Instead of counseling her about her traumatic journey, Immigration Customs and Enforcement (I.C.E.) imprisoned Cabrera when she arrived with her now-deported brother. “I came here to reunite myself with my family and to have a better life,” she said.
‘To be undocumented is not criminal’
“I don’t know what my future is. Right now, I just want to go and work for my father,” said Jose de Casur Domingo Chavez, a young undocumented migrant worker from Mexico.
He crossed the border near Tijuana and was detained in the Denver Contract Detention Facility like Deras and Cabrera. Chavez’s demeanor was very different and less open than Deras. He was tight-lipped about his experience at the immigrant detention center run by GEO Group, Inc.
Unlike Deras, both Cabrera and Chavez stayed only one night in the independently-run support apartment called Casa de Paz, or House of Peace. The apartment sits across the street from the detention center.
The Casa is open, free of cost, to anyone visiting family with or without documentation. It is also a safe place for those who are just coming out of the detention center.
GEO Group contracts with I.C.E. to house detainees of both genders. The facility is tan and hidden in plain sight, nestled between a motorsports company and a strip mall featuring a Mexican restaurant and a check cashing business. Housed inside are up to 1,500 immigrants. (GEO Group’s contract guarantees a minimum 300 detainees in the facility at all times.)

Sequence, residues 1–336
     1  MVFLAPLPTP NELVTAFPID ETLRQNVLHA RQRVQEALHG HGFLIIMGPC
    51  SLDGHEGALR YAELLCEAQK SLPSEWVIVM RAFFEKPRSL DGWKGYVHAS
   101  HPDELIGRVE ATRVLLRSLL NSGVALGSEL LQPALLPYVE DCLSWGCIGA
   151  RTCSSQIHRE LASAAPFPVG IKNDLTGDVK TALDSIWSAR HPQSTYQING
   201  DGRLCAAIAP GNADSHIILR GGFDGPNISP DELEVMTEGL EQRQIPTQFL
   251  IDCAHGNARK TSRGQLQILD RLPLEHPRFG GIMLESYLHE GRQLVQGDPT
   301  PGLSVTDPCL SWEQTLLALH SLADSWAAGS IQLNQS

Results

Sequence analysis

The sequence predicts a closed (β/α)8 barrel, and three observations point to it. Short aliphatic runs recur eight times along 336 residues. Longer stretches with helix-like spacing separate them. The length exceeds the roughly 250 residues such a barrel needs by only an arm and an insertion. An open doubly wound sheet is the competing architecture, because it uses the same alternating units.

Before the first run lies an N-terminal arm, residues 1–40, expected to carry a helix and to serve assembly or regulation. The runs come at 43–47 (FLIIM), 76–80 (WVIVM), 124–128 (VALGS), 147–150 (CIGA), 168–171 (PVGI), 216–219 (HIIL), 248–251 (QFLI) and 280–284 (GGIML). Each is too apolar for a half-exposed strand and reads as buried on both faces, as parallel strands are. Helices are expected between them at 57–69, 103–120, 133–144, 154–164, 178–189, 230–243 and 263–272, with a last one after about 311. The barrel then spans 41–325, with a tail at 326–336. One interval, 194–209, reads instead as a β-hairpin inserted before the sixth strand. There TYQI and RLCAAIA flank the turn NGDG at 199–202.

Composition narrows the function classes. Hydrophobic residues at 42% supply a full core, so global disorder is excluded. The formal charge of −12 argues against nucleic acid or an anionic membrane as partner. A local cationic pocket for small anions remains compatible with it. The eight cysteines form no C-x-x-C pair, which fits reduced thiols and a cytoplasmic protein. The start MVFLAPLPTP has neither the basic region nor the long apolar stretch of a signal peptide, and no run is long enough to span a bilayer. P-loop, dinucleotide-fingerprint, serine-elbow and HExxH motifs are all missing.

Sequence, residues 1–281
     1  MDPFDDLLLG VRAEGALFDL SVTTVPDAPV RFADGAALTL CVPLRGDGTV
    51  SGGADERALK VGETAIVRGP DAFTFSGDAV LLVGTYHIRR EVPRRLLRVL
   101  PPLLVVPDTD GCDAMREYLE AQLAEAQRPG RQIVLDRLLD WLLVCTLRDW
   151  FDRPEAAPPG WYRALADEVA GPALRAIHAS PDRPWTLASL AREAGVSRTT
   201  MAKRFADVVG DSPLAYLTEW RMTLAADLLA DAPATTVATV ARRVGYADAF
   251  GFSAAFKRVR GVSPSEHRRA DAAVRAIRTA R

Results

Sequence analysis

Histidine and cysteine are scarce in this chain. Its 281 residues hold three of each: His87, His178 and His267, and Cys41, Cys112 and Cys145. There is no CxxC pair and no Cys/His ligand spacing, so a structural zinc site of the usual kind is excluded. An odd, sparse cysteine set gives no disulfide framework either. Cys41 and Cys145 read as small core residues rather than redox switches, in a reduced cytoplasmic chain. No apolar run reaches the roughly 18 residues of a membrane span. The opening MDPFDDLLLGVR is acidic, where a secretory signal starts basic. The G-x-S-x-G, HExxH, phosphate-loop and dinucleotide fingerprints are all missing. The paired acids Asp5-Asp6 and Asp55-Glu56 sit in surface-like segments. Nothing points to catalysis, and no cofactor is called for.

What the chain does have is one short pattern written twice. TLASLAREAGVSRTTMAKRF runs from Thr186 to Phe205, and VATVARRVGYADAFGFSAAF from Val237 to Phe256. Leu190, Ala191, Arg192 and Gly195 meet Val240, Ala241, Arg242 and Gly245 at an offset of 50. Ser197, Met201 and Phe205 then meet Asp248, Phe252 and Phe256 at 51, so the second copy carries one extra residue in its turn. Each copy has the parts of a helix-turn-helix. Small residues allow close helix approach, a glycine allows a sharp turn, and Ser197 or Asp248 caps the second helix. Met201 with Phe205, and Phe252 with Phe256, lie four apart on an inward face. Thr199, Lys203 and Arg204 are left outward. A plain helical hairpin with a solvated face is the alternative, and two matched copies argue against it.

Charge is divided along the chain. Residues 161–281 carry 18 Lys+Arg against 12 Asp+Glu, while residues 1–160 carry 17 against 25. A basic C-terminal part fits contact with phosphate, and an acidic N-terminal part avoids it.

I.C.E.’s contracts with GEO Group for facilities like the Denver Contract Detention Facility are controversial. Detention Center Watch, a watchdog site focused on prisons, notes that “at 90 percent capacity, GEO Group estimates the Aurora center which houses undocumented immigrants from Colorado, Idaho, Utah, and Wyoming would generate about $30 million annually in operating revenue.”
“I don’t think we need to be treating immigrants like criminals,” said Deras. “Because to be undocumented is not criminal. I don’t think that place is good to keep people.”
Making crafts to ‘get their mind away from killing themselves’
“A lot of people when they start to learn how to [make these crafts], they get their mind away from killing themselves,” Deras told me, pointing to the value of finding one’s creativity. “Some people called me crazy but this one guy, he was thinking suicidal things. Then, he started making these then came back the next day, and the next day and it became a habit.”
“I make the little shoes and you know, they pay me $20,” he said, seemingly astonished.
Deras, half-smiling, looked over at the 1.5 inch pairs of tiny shoes, mini hats, and handbags he makes. Now that he’s out of detention, he sells his crafts to locals out of what some would consider garbage. These small items are scattered all over the living room.
“You see a lot of bad things in there. The guards, they do bad things to the people like taking away the plastic,” Deras said. “The officers say, ‘You have to throw away these things or send them to property. This is contraband.’ But these things are made from plastic from things I buy from the commissary. More people try to kill themselves in there than not. Then, [the guards] throw these things away to remove hope. Why would you take that away?”
‘There are some things you can’t un-see’
Sarah Jackson, 30, is the founder of the nonprofit organization that runs Casa de Paz. Deras is currently the only full time resident.